Back to the Basics
This is Breast Cancer 101 from ASCO's Cancer Net. It is a very clear and concise explanation of what breast cancer is, the various types, the possibilities, and a general overview of treatment. It does seem simplistic, I know, but I am often asked for this basic information--or, more specifically, asked where someone can find this information. It can be simpler to find articles that are more research driven or more complicated and, if all you want, is the elementary outline, they can be too much.
Here is the start and then a link to read more:
In the United States, breast cancer is the most common cancer in women (excluding skin cancer). Men can also develop breast cancer, butmale breast cancer is rare, accounting for less than 1% of all breast cancers.
About the breast
The breast is mostly made up of fatty tissue. Within this tissue is a network of lobes, which are made up of tiny, tube-like structures called lobules that contain milk glands. Tiny ducts connect the glands, lobules, and lobes, carrying the milk from the lobes to the nipple, located in the middle of the areola (darker area that surrounds the nipple). Blood and lymph vessels also run throughout the breast; blood nourishes the cells, and the lymph system drains bodily waste products. The lymph vessels connect to lymph nodes, the tiny, bean-shaped organs that help fight infection.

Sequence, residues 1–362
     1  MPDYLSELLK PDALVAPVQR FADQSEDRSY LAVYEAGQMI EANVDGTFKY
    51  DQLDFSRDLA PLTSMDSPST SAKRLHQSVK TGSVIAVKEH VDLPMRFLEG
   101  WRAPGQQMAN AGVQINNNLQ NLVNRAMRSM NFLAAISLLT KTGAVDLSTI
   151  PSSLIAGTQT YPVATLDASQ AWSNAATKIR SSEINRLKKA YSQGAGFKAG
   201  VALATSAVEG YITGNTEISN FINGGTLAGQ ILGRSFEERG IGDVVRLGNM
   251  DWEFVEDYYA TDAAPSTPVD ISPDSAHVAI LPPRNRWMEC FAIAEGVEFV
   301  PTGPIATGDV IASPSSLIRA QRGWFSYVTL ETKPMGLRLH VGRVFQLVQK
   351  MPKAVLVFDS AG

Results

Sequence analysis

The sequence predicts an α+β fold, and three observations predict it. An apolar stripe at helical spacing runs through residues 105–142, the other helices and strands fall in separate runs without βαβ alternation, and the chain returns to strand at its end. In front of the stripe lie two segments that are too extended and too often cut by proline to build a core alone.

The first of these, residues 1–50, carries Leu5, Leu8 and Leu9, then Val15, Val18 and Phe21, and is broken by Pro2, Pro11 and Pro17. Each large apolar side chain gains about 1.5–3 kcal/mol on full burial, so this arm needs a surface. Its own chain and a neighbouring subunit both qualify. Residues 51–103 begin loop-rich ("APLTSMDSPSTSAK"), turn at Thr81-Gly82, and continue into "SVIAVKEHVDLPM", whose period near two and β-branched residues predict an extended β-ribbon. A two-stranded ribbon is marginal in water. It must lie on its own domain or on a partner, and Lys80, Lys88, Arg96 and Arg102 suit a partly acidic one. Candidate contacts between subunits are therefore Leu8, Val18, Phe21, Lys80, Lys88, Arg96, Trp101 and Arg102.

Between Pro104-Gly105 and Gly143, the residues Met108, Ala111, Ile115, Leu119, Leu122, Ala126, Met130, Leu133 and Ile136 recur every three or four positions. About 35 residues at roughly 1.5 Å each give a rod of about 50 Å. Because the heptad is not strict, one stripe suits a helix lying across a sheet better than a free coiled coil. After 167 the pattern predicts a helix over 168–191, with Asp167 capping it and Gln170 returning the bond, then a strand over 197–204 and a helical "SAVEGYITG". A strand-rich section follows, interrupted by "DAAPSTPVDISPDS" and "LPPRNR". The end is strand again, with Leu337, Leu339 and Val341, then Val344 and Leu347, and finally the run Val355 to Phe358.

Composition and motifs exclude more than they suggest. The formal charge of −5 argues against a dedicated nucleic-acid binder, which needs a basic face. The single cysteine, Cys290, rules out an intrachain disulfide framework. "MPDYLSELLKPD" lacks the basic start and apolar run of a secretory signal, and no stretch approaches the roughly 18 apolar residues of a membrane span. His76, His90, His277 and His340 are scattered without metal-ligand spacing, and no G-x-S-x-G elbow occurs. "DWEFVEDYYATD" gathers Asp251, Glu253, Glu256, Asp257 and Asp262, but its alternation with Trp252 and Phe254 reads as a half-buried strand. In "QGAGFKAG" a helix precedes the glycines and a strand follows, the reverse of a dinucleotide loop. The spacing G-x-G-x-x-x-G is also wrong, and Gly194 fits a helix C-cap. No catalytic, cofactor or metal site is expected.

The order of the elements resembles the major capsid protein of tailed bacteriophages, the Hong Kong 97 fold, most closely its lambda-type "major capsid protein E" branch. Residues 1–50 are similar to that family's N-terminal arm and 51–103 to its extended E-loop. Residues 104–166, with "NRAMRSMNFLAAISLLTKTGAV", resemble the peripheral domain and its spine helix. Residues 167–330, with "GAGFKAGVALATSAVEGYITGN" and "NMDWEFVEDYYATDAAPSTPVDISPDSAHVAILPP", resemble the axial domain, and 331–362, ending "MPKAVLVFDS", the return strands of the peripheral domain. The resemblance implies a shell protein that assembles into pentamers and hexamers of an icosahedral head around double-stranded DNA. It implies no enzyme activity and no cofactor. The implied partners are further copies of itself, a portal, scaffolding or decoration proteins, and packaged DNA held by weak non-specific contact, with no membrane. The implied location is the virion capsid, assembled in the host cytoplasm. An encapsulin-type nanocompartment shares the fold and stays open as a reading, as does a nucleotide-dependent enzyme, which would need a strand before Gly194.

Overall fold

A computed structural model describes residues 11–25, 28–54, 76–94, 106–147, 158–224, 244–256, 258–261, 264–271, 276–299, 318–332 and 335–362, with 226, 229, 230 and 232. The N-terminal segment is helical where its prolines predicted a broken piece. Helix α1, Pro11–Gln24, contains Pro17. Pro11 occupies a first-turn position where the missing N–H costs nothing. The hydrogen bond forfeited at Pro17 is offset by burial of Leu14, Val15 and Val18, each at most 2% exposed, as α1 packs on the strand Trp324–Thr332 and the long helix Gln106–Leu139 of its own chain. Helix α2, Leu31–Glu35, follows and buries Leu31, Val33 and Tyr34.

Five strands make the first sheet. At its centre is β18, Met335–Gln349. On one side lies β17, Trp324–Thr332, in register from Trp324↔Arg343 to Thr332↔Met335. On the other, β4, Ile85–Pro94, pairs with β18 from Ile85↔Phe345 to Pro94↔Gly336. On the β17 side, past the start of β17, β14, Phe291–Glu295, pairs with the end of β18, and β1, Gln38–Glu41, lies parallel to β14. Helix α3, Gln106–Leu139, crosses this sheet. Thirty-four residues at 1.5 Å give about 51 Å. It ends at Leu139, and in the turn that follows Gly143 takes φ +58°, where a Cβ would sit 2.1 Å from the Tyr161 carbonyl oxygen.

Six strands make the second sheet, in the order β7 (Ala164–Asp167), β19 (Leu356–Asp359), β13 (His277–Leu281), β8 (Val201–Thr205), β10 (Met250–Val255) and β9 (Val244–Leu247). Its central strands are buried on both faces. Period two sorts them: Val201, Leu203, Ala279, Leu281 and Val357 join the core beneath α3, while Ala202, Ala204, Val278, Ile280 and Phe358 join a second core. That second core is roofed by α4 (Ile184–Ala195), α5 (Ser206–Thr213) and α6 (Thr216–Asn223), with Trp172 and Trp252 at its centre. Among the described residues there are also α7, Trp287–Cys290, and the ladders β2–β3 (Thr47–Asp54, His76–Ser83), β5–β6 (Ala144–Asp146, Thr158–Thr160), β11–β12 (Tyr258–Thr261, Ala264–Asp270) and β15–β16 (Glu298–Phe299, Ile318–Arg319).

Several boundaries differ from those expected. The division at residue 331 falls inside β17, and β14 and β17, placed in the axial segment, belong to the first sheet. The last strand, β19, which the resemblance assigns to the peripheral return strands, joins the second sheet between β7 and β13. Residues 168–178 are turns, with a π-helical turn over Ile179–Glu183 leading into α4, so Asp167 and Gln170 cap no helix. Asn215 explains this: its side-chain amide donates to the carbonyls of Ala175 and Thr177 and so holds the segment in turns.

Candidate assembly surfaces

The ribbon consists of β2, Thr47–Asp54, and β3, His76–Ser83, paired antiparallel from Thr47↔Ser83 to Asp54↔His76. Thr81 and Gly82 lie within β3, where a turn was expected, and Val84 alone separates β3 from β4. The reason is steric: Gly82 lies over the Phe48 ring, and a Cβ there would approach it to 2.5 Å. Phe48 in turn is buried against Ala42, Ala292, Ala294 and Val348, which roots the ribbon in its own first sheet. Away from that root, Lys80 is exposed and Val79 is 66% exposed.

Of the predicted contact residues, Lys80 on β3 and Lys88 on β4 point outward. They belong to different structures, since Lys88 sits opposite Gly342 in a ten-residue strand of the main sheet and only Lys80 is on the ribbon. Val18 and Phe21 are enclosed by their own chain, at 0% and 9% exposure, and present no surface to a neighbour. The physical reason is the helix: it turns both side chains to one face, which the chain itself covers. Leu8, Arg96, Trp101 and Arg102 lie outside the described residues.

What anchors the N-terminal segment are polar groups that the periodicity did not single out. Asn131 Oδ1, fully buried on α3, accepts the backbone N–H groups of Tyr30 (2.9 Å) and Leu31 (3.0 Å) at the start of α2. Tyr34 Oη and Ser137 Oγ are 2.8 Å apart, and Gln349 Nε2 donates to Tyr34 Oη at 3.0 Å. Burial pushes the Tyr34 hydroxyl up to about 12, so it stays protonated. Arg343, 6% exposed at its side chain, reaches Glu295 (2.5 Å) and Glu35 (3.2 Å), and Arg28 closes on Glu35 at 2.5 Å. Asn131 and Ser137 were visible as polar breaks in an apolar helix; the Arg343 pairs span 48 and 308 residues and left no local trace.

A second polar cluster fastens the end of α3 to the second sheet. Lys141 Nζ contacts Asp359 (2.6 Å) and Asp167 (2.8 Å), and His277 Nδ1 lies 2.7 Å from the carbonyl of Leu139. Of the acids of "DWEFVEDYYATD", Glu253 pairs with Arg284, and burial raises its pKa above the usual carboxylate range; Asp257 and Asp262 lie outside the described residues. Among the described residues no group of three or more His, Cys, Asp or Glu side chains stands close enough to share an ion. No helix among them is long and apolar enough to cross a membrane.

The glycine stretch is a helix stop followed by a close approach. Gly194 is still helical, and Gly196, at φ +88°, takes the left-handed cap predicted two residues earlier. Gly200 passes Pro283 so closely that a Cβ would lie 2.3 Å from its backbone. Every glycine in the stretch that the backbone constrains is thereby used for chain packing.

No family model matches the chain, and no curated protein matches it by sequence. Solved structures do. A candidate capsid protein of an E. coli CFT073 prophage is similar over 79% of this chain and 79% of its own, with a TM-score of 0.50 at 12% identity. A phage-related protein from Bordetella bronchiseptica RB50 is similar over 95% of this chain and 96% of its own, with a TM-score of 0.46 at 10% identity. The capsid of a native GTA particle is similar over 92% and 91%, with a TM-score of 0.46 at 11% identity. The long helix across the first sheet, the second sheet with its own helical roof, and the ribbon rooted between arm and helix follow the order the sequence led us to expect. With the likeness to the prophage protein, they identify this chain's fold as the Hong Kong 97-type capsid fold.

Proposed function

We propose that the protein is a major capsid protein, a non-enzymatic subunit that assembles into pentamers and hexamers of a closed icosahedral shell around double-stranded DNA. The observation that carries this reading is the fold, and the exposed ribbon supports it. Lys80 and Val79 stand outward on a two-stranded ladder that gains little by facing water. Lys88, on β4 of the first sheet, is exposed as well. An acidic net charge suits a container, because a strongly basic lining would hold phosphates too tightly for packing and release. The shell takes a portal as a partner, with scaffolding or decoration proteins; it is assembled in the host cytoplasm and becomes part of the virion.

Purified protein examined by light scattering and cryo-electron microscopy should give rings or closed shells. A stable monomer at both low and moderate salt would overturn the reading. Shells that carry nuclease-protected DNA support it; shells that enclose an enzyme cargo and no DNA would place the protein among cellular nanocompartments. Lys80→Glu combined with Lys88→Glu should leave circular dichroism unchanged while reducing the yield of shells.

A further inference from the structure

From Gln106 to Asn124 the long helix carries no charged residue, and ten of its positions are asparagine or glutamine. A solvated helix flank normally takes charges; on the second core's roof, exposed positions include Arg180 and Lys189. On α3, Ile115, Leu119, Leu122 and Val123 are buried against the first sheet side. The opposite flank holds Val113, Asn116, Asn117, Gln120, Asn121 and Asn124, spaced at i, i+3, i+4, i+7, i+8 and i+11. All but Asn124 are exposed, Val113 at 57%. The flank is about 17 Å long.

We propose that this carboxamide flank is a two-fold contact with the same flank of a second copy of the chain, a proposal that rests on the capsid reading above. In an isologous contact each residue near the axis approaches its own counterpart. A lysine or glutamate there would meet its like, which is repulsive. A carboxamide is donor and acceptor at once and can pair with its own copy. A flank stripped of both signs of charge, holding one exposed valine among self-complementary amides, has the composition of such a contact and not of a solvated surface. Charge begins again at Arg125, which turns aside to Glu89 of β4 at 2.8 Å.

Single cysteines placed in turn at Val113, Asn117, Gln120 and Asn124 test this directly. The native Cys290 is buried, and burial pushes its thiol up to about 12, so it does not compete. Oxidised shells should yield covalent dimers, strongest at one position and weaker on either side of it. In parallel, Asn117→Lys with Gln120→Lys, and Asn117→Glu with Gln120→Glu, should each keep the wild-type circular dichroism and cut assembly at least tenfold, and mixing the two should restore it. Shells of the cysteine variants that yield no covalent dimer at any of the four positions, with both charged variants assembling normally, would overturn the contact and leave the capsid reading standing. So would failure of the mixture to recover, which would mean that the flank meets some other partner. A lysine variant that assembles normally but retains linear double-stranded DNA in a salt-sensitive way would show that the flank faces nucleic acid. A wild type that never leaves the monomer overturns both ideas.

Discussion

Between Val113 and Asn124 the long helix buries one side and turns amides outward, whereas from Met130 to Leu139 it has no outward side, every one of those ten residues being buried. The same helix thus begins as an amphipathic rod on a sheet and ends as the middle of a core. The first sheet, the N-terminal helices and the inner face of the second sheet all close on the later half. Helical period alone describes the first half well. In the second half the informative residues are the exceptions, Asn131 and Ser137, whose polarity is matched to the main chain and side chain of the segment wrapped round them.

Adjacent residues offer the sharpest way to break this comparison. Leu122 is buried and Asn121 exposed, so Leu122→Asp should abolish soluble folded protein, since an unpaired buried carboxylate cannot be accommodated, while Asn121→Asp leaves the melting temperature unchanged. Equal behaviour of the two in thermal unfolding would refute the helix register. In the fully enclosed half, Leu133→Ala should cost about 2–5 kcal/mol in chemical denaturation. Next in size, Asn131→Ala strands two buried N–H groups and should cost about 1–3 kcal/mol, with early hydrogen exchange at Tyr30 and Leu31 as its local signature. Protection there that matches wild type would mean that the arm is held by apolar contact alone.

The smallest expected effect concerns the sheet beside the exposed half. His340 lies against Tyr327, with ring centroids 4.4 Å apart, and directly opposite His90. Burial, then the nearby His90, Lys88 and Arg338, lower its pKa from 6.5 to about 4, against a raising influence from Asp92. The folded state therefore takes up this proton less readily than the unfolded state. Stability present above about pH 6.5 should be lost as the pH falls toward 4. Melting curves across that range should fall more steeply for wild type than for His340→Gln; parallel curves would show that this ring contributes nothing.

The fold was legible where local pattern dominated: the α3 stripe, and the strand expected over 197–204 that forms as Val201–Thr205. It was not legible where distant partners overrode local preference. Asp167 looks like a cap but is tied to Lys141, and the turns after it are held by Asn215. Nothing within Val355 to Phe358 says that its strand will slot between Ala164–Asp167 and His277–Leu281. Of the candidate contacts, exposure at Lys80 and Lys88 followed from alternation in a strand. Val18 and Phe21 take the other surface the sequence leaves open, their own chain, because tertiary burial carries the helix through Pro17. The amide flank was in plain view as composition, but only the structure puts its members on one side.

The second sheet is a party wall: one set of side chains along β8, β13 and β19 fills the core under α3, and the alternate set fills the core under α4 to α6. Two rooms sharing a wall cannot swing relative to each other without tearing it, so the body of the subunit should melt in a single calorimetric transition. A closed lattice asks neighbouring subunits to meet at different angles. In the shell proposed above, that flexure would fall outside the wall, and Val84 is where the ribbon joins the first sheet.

About breast cancer
Cancer begins when normal cells in the breast change and grow uncontrollably, forming a mass called a tumor. A tumor can be benign (noncancerous) or malignant (cancerous, meaning it can spread to other parts of the body).
Breast cancer spreads when breast cancer cells move to other parts of the body through the blood vessels and/or lymph vessels. This is called metastasis. Breast cancer most commonly spreads to the regional lymph nodes. The lymph nodes can be axillary (located under the arm), cervical (located in the neck), or supraclavicular (located just above the collarbone). When it spreads further through the body, it most commonly spreads to the bones, lungs, and liver. Less commonly, breast cancer may spread to the brain. The cancer can also recur (come back after treatment) locally in the skin, in the same breast (if it was not removed as part of treatment), other tissues of the chest, or elsewhere in the body.